Sunday Gazette-Mail from Charleston, West Virginia on July 23, 1972 · Page 6
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Sunday Gazette-Mail from Charleston, West Virginia · Page 6

Charleston, West Virginia
Issue Date:
Sunday, July 23, 1972
Page 6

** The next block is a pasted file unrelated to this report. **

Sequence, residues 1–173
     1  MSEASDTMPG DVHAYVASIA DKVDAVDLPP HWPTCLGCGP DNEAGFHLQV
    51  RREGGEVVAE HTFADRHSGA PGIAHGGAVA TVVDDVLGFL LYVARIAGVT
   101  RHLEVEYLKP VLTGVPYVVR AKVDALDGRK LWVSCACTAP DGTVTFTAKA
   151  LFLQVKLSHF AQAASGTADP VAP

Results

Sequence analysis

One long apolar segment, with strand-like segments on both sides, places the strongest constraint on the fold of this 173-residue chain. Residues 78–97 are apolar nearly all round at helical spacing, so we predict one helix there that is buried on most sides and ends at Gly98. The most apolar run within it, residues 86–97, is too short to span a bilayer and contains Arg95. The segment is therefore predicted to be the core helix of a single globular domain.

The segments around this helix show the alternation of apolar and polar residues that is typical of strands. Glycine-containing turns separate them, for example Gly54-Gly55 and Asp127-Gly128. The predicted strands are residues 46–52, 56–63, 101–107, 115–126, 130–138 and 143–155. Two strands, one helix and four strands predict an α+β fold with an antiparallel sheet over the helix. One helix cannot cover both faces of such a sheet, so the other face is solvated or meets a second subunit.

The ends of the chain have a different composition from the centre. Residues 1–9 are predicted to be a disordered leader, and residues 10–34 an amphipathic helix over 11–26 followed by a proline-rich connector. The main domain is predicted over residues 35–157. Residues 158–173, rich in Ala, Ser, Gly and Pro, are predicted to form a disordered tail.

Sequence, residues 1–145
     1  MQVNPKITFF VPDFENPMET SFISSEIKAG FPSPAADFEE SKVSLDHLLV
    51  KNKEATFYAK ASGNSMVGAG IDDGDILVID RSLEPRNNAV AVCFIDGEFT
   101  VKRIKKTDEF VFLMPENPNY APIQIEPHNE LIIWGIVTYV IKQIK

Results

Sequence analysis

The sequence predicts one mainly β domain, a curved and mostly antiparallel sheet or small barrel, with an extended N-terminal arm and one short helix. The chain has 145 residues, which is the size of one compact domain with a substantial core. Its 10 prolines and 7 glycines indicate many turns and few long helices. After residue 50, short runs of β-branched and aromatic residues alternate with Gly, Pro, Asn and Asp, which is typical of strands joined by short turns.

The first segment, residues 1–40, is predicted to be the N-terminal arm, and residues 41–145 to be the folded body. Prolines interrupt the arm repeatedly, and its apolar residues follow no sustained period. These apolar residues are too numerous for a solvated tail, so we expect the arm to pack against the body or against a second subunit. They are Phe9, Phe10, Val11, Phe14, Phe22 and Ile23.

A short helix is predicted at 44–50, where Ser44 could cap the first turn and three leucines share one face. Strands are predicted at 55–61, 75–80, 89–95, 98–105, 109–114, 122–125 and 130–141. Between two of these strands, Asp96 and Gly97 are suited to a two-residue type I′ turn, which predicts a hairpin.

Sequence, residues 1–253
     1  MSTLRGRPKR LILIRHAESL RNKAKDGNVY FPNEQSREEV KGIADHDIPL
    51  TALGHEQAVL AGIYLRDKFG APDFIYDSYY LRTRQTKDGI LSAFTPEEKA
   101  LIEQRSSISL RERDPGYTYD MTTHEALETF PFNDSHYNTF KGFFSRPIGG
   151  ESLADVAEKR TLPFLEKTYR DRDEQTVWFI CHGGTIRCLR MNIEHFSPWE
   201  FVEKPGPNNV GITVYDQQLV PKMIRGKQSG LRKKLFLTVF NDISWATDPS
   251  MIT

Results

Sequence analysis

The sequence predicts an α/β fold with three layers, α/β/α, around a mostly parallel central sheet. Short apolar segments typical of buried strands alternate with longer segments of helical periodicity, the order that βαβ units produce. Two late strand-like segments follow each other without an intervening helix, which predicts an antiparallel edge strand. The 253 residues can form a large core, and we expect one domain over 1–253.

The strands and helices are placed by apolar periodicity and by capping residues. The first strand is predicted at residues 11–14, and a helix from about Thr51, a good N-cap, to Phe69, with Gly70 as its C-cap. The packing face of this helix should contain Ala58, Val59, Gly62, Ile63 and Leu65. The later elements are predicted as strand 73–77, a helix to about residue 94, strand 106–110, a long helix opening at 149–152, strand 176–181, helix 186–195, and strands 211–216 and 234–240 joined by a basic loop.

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6A--July 23, 1972 * Sunday GaxeUe-Mail --Owtotton, WMt Vlnlnla Data From NATIONAL WEATHER SERVICE. S. Ocpl. ol Commtrc* FORECAST 100 Figunt Show High T*mp«ralurM Exptctcd Far Daytime Sunday !l*!al«rf Precipitation Not Indicated-- Conwll loco Warm warm weather, probably in the 90s, is forecast for today in most of the east and southeast and including West Virginia. Rain i s p r o b a b l e for southern Florida, the Great Lakes region and the southwestern states. (AP .Wirepholo) The Weather Sunday, July 23, 1»72 Sunset S:10 Sunrise 4:48 FORECASTS Zones 1-2-3-4 (Charleston) Partly cloudy, warm and hazy with a chance of scattered afternoon and evening thundershowers. Lows In the low 70s. Highs in the upper 80s to mid TOs. Probability of precipitation 20 percent at night and 30 percent during the day. Zones 6-7-8--Partly cloudy, warm, and hazy with a chance of scattered afternoon and evenlns thundershowers. Lows at night in the upper 60s to low 70i. Highs mostly in the mid 80s. Probability of precipitation 20 percent at night and 30 percent during the day. Zone ?--Partly cloudy, warm, and hazy with a chance of scattered afternoon and evening thundershowers. Lows at night in the low 70s. Higns In the mid · e aps to low 90s- Probability of preciplta lion is 20 percent at night and 30 percent during the day. WEST VIRGINIA: Partly cloudy, warm and hazy with a chance of scattered afternoon and evening thundershowers. Lows at night in the upper 40s to low 70s. Highs in the upper 30s to mid VOs except mid 80s In the higher elevations. VIRGINIA: Mostly fair and continued hot and humid except a slight chance of thunderstorms in the afternoon and evening hours. Lowest at night from the upper 40s in the mountains to the upper 70s over the bay. Highest in the middle 90s except not as hot in the mountains or near the shore. WESTERN PENNSYLVANIA: Hazy and muggy at night with a chance of evening thundershowers. Lows at night in the lower and mid 70s. Hazy and continued hot and humid with a chance of afternoon thundershowers. Higiis from the mid 80s to the lower 90s. KENTUCKY: Partly cloudy, hot, and humid with fair and warm night. Afternoon highs 88 to 95. Lows 68 to 75 at night. OHIO: Mostly sunny, hot, and humid. High in the low to mid 90s. Generally fair at night with lows in the low 70s. SATURDAY'S HUMIDITIES 5 a.m. . . 9 7 11 a.m. .. 74 5p.m. .. 63 SATURDAY'S WIND Highest 21 mph. from the N. at 4:42 p.m. Temperatures Saturday's high 94 Saturday's low 71 Record high for this date was 106 in 1934. Record low for this date was 53 in 1915. Precipitation J4 hour precipitation as of 7 p.m. ..trace Total for the month of July 1.09 State Corporations Granted Charters of Alum Creek. United Motors Inc.- Charleston. Authorized 'ar with The following corporations have been granted charters by the secretary of state's office: B. L L Enterprises, Inc. Principal office, Charleston. Authorized capltil J'i.OOO. Par value, $1. Commerced busi nesi with $1,000. Incoroorators: William L. Bateman, Wesley Lynch and Fmroy Lynch, all of Charleston. Alum Creek Motorscroo Inc. Principal office. Alum Creek Authorized capital, Ji.OOO. Par value, $100. Commenced business with $1,000. lncorpor»lors: James Kedd Sr.,_N«lia Ketid and Faye Frye, al Principal office, . capital, $20,000. value, $100. Commenced business $10,000. Incorporators: George P. Sovlck Jr. of Charleston, Nancy S. Kelly of St. Albans and Susan D. Reed of South Charleston. Guthrle's Excavating Co. Principal off- ce. Institute. Authorfzed capital, $10,000. "'ar value, $10. Commenced business with 1,000. ^corporators: Lewis L. Guthrle and Sylvia E. Guthrle, both of Institute, and Carolyn Scharf of Charleston. B. J. Lowe Excavating Inc. Principal ifficc, Sissonville. Authorized capital, 50,000. Par value, $100. Commenced usiness with 51,000. Incprporators: B. J. Lowe, Joan Lowe and Tawnyah Lowe, all of Sisscnviiie. Multi-Line Business Services Inc. Principal office, St. Albans. Authorized capi- al, $5,000. Par value, $500. Commenced jusiness with $1,000. Incorporators: Charles W. Singleton of St. Albans, ames L. Friedman, Mary A. Mullins and George J. Davis, all of Charleston. Nina's Club Inc. Principal office, Hur- Icane. Authorized capital, $5,000. Par alue, $50. Commenced business with 1,000. Incorporators: Nina Elizabeth Ashey, W. H. Hizer and Sieve Ashley, all of H.jrricane. Tyler Heights Boarding Kennel Inc. 'rincipal office, Charleston. Authorized apital, $1,000. Par value, Si. Commenced usiness with $1,000. Incorporators: Helen iA. Youna, Gladys Bishop and Louis Husson, all of Chmarleston. E. Peterson's Texaco Inc. Principal office, t. Albans. Authorized capital, 55,000. Par $7,000. Incorporators: Ernes' V. Peter .ton and H. Maxlne Peterson of Dunbar, Gary L. Peterson and Nance C. Peterson of Nltro. Singleton-Davis Corp. Principal office, Charleston. Authorized cplta), $5,000. Par value, $500. Commence"! business with $1,000. Incorporators: Charles W. Slnale- ton o' St. Altars, George J. Dav!s And Ellen J. Davis, both of Charleston. Burl J.Toes Inc., DOS. Principal office, Charleston. Authorized capital, $25,000. Par value, $100. Commenced business with $11,200. Incorporators: Burl A. Jones and B. J. Huffman, both of · Charleston, and Lyle A. Wilkinson of Hurricane. Owens By-Products Inc. Principal off- Ice, Charleston, Authorized capital, $50, 000. Par value, $100. Commenced business with $3,000. Incorporators: Fred T. Owens, Walter M. Owens, E. H. Bay Jr. and B. Joe Lilly, all of Princeton Kanawha Developers Inc. principal off- ce, Charleston. Authorized capital, $25,000. Par value, $100. Commenced business with $0,000. Inc-vporators: William D. Swearengen, B. b. Barrett and Charles L. Forbes, all of Charleston. Weight Watchers of Tri-Cltles Inc. Principal office, Charleston: Authorized capi- al, $10,0000. Par vliue, $10. Commenced jusiness with $1,0000. Incorporators: Paul V\. F-'riedberg, Martin J. Glasser aral Murray Lewis, all of Charleston. Standard Laboratories Inc. Principal office, Charleston. Authorized capital $10,000. Par value, $2. Commenced busi ness with $10,000. Incorporators: Gladys 3. Stallarsl of Whitesburg, Ky., Roy F Stallard of Fairport, N.Y., and Eugene W. Klncald of St. Helens, Ky. Town and Country Inc. Principal office t. Albans. Authorized capital, 55,000. Par 'alue, $50. Incorporators: A. E. Work man, Winfield, B. G. Workman and R V\. Fletcher, both of Charleston. Ebony Bar and Lounge Inc. Principal jffice, Huntlnaton. Authorized capital, 10,000. Par value, $50. Commenced busi less with 51,000. Incorporators: Elouise W. Gwinn, Louella Hocker and William ). Hocker, all of Huntington. Mari-Lew Designs Inc. Principal office, 'arkersburg. Authorized capital, SS.OOO. 'ar value, $100. Commenced business with $1,000. Incorporators: L. A. Beckwith f Mineral Wells, M. L. Know and H. C Know, both of Parkersburg. thorlzcd ctpltd, 150,000. Per vein*, $100. Commenced buslneu with $),MO. Inewperetors: Edward I. Eilar* of L08*n, K«t -erley of ChepmenvIlT* end D*bre Her wood of Wwt LOB* Mondel Inc. Principe I office. Motgen town. Authorized cepitel, i$,WO. Px value, SI. Commenced Uuintis wit $1,000. Incorporators: Robert A. Rooerd Thomes P. Rogers end Pbul A. Atklnt, all of Morgentown ·fiey ~ Five Valley Farm Products Inc. Au thvrlzed capital, $5,000. Par value, $100 Commenced buslneu with (5,000. Incorporetors: David S. Morgan/ Gery D. Mor - Mary V. Morgen end Llndt 0 ill of Bridgeport. t Co. Prlnclptl office gen, Morgan, all Jay Lane Finance Fairmont. Authorize" capital, $25,000. Pa value, $25. Commenced business wit $2,000. Incorporators: E. C. Grlswok Adonis S. Hunt and James E. Venata, a of Fairmont. H. K. S. Inc. Principal office Weirton. Authorized capital, $10,000. Pa value, $10. Commenced business wit $3,000. Incorporators: Charles D- Hudnal Victor C. Lkltzlng and Alfred E. Sweeny Jr., all of Weirton. International-Industrial Developers Ltd Principal office, Potomac, HA. Authorized capital, $10,000. Par value, $10. Commenced business with $1,000. Incorporators Lionel Roy, Walter Wllbert and Audrey Meyer, all of Potomac, Md. Mercer Principal Music office, and Amusement Co Princeton. Authorized alue, $100. Commenced business with NCP Co. Principal office, Gilbert. Au From-Page / The Associated Press An air stagnation advisory covering most of West Virginia was continued through mid-day today and officials in t h e heavily industrialized Northern Panhandle said Saturday night the situation there had staibi- lized. Cutbacks in industrial activity and some improved air movement had improved air Ten plants in the Northern Panhandle area curtailed operations and Beard said one plant, the Windsor power station north of Wheeling, had "improvement to air quality" Saturday, West Virginia Air Pollution Control Commission (APCC) Director Carl Beard said Saturday night. The air stagnational advisory over the Eastern Panhandle was lifted Saturday. "It's sort of a wait-and-see game now," he said. "We don't expect any significant improvement or deterioration." Beard said the National Weather Service expected the atmospheric inversion, the cause of heightened pollution, to continue for 24 to 48 hours. completely shut down to avoid aggravating the pollution situ ation. He said the area's industry had responded "very well." Wind currents were reportec improving slightly in the area the weather service said, bul continued high temperatures and humidity were preventing dispersion of pollutants. At Steubenville, Ohio, across the Ohio River from Weirton, pollution reached a high Thursday of 906 micrograms of particulate matter per cubic meter of air. By Saturday morning the figure there bad dropped to 398 micrograms. The desired level is 60 micrograms. "We're not in a critical situation," Beard said, "but we're still in alert status." The APCC was also keeping a close watch on the Kanawha V a l l e y around Charleston. Beard said the Northern Pan- landle region, however, was 'significantly worse." From Page 1 Air Quality Improves; Advisory Is Continued Potholes ship they will become almost extinct. "At any rate, it is good to see you working on something--even if only on a pothole in a city street." Later Saturday, Rockefeller replied in a telegram which said: "For eight cents, you coul have mailed it. But since yo brought the subject up, I am pleased to report that I got tha pothole filled. Now what are yo going to do about yours? If yo want to engage in a pothol counting contest with the peopl of West Virginia over how man) potholes are filled or empty, I'm sure the people are ready tc take on you and your adminis tration." Police Probing Mason Robbery MASON -- Trie Mason Count; sheriff's department was investi gating a Saturday night robbery in Mason, a department spokesman said. An unidentified man and worn an were reported to be involvec n the robbery, police said. Further details are presently unavailable. Secret Paper Details Plot to Overthrow Mao SHOP FOR YODR ELECTROnMIC TOTAL IDSIC SYSTEM MONDAY AND FRIDAY 9:30-9:00-~OTHER DAYS TIL 5:00 (CLOSED SUNDAY) 34 Will LOWEST OFFER EVER ELECTROPHONIC TOTAL MUSIC SYSTEM Plays 8-track tape, AM/FM/FM Multiplex radio and stereo records all with 360° sound around speaker system. Deluxe full sizes BSR 4-speed changer with Diamond needle, powerful 40 watts IPP solid state amplifier, stereo headphone jack, scuff-resistant walnut wood grain finish. not provide them. Among those listed in the document as alleged plotters were: Jung Yung-Sheng, former chief of the general staff of the armed forces; Wu Fa-hsien, commander-in-chief of the air 'orce; Li Tso-peng, deputy chief of staff and political commissar of the navy; Chiu Hui-tso, depu- ;y chief of staff and head of the ogistics department. In addition, key roles were said to have been played by Lin's wife, Yehn Chun, who was a member of the party pplitburo and director of the admmistra- ive office of the party military affairs committee, and his. son. in Li-kuo, who was deputy director of the air force opera- ions department. According to the document, Mao had a falling out with Lin and the others following the sec- nd plenary session of the Ninth lentral Committee of the party rom Aug. 23 to Sept. 6. 1970, and this led to the active plot- ing, which took concrete shape in the winter of 1871 after Lin 179.95 34.00 WORTH OF FREE GIFTS WITH PURCHASE LIMITED QUANTITY--OFFER ENDS JULY 31 STEREO--fifth Floor cated, at least in part, as an effort to undermine his power. For instance, the document is called "Struggle to Smash the Counter-Revolutionary Coup by the Lin - Chen A n t i p a r t y Clique." The "Chen" apparently refers to Chen Po-ta, once one of China's highest officials, and former personal secretary to Mao. Chen dropped out of sight in late 1970. CHINA EXPERTS here believe that Chen was purged for his radical activities in the cultural revolution and was an enemy and not a collaborator of Lin. They speculated that Chinese authorities were seeking to blacken both of them even though the document does we do not seize the revolutionary leadership, the leadership would fall into the hands of others," it said. capital, $50,000. Par value, $100. Comm enced business with $10,000. Incorpora tors: Larry Roberts, Hansel Roberts and William D. Clark, all of Princeton. Neal and Sons Inc. Principal office Bluewell. Authorized caoitat. $50,000. Par value, $100. Commenced business with $13,000. Incorporators: Curtis I. Neal Warren Neal, Wallace Neal and Gerald Neal , all of Montcalm. Marmet Man Injured In Crash A one-car collision on U.S. 119 Saturday sent 57-year-old Milford Scraggs of Marmet to the hospital. Scragg's daughter Jane Meadows, 19, of 924 98th St., Marmet, was driving the automibile in which Scraggs and five others were passengers. No one else was injured in the mishap. Miss Meadows said she ran off the road when she swirved :o avoid another vehicle, a hos- Dital spokesman said. Scraggs was admitted late Saturday night to Charleston Memorial Hospital in good condition with a broken collar bone. From Page 1 SHOP MHIiy IMP MIIIV I:JI-J:M-OT«I BAYS TIL 5:00 (CllUISIUNUf)m-Mlt ENTER NOW $25,000 IN PRIZES AND GIFTS OVER 300 NATIONAL WINNERS your child's photograph can win one of these prizes in the NATIONAL CHILDREN'S PHOTOGRAPH CONTEST $5,000 Grand Prize evidence to link After noting that with Air Force support, "It would be comparatively easy for us to get hold of the national political power," the plotters wrote that "B-52" (MAO) "is supicious of us." "So, instead of waiting passively for our fate, it would be better for us to take the great gamble. Politically, the one who waits until everyone . else has moved has the best advantage but militarily the one who acts Breaking tions might not be broken up. but rather ordered to introduce new competitive practices into their industries. "T say the consumer would be $55 billion to $60 billion better off if monopoly power could be eliminated," Hart told newsmen. He said that is the figure even conservative economists calcu- before every one else does gainll ate as the money monopolies " " " " and others criticism. came under party "Rejecting the party's educa- ion and salvation and refusing o repent, Lin Piao and his cohorts hid in dark corners and tepped up their concoction of a lew counter-revolutionary plot," he document charged. "In February, 1971, Lin Piao, Yeh Chun and Lin Li-kuo continued to plan for a counterrevolu- ionary coup in Soochow (a city west of Nanking). In the latter: half of that month. Lin and Yen ,ent Li-kup to Shanghai and Hangchow to seek out comrades and to discuss and draft a plan or an uprising," the document said. · THE DOCUMENT said Lin's son and Yu Hsin-yeh, the deputy director of party affairs in the lir Force, drafted an outline of he coup plan, which was called the "Five-Seven-One project." According to the Chinese Na- jonalist translator of the document, the Chinese characters or "Five-Seven-One" are simi- ar to those for "armed upris ng."- A major complaint of the plot- ers was Mao's movement toward "Peaceful transition," a reference to the eased tensions n China following the end of the cultural revolution, and perhaps an allusion to the decision at the op to widen its foreign con- acts. The dates in the document, however, indicate that the plotting began prior to the invi- ation extended to President Nixon when security affairs ad- iser Henry A. Kissinger was in ·eking in July, 1971. "We must use a radical change in the form of a revolution by violence to stop any counterrevolutionary evolution which takes the form of peaceful transition," the plotters allegedly wrote. "If we should fail to stop the ·eaceful transition with the Five-Seven-One project' and let he other side have its way, here is no prediction how many eads would roll on the ground: rierefore a new power-seizure truggle seems unavoidable. If the most," the plotters allegedly wrote. The plot paper also allegedly said that because of the Sino-Soviet conflict, "we have reasons to expect Soviet support for our action." IT THEN *LISTED the various Chinese units that could be ex- jected to aid in the uprising. md added: "Outside the country, the Soviet Union (through sercret negotiation); and the So- ;iet force to control various forces inside .·jnd outside the country; temporary nuclear pro- :ection umbrella provided by the Soviets." The plotters admitted, however thaf "at present, our strength and preparations are not yet adequate." "The masses' worship of B-5; s still deep-rooted. As a result of B-52's divisive tactics, there vs a serious contradiction within he army rank, and it would be rather difficult for us to form a usable unified strength. Further- hore, B-52 seldom appears in mblic and his residence is heavily guarded. All his movements are shrouded in secrecy. AU these are difficulties we must face in launching our action," the plotters said. The plot document said that after the second plenary session of the party central committee in Aug. 1970, "the ruling group is exercising a tyrannical rule. The broad mass of peasants is being exploited to the fullest extent. The economy is stagnant. Because of lowered living s t-a n d a r d s, discontentment among the masses, the grassroots cadres, and the troops is daily worsening. Only they dare not speak up." The plotters said "we cannot deny" Mao's "historical function of unifying China," but now, they added, "he has abused the confidence and status given him by the Chinese people." make that they would not make if they had free competition. Hart said the bill is to after introduced Monday years of study by the Senate antitrust and monopoly subcommittee under himself and the late Sen. Estes Kefauver of Tennessee. He said it is aimed not at conglomerates as such but at m o n o p o l i e s and oligopolies which he said inflate prices, reduce jobs and freeze out competitors. The U.S. Treasury is the country's most prodigious check writer, issuing 500 million checks a year. ;",- $2,500 \shopping spree in our store,' plus $2,500 scholarship to Emerson College, ,,' Boston . 1st Prize $1,500 -shopping spree 2nd Prize $1,000 shopping spree 3rd Prize $500 shopping spree 50- 4th Prizes. $100 shopping sprees ca. ALSO $25 SAVINGS BONOS TO THE HUNDREDS OF HONORABLE MENTION WINNERS! Win a shopping 1 spree--a paid-up charge account to_buy whatever you want. AND the Grand Prize Winner receives a year's valuable.scholarship to Emerson, one of the nation's leading colleges, specializing in communications arts and science. When we photograph your child, we'll enter a duplicate in the Contest at no extra charge. Complete rules, details in our Studio. Big- Balloon and lollipop to every contestant. Judges; Carol Burnett, Tony Randall, Lee Grant, Redd Foxx Demond Wilson. Special prices on most sizes and photograph finishes. For example: CONTEST SPECIAL ' PORTRAITS 0 . one 8x10 Coronet and six wailet-siie PHOTO SALON--Fourrh Floor Use Want Ads. Dial 348-4848 SHOP FOR YOUR HENSOV-KICKERNICK PANTIES MONDAY AND FRIDAY 9:30-9:00-OTHER DAYS Tit 5:00 (CLOSED SUNDAY) 346-0911 " iw! your Diamond charge cord.. it'j better than mcm«y| Slain Go-Go "To defy me," said Mrs. 1 Dews. "She thought that would shock me, but it didn't. I didn't say anything. She wanted a life of her own but not here with us. "Then I didn't see her very much the last year. But I know she was still a loner. Every-i time I called her during the day she was home. I took the baby over a few times. She lived alone. "I think she lived a pretty quiet life. You know she worked at night and that dancing is hard work. She had a lot of talent, she could pick up dancing step; just like that. "The trouble was she didn't have any respect for herself She was very humble, liked to make people happy-- except the people that loved her but that didn't stop me from loving her. "She was too trusting too, she never thought anything bad would ever happen. "She was a lonely person who was trying co find herself, but she didn't." A HENSON- KICKERNICK ANNUAL PANTIE SALE Henson-Kickernick panties in a variety of fabrics, styles and colors to fit your every whim!, Specially- priced units of three to give you a special opportunity to restock your wardrobe. 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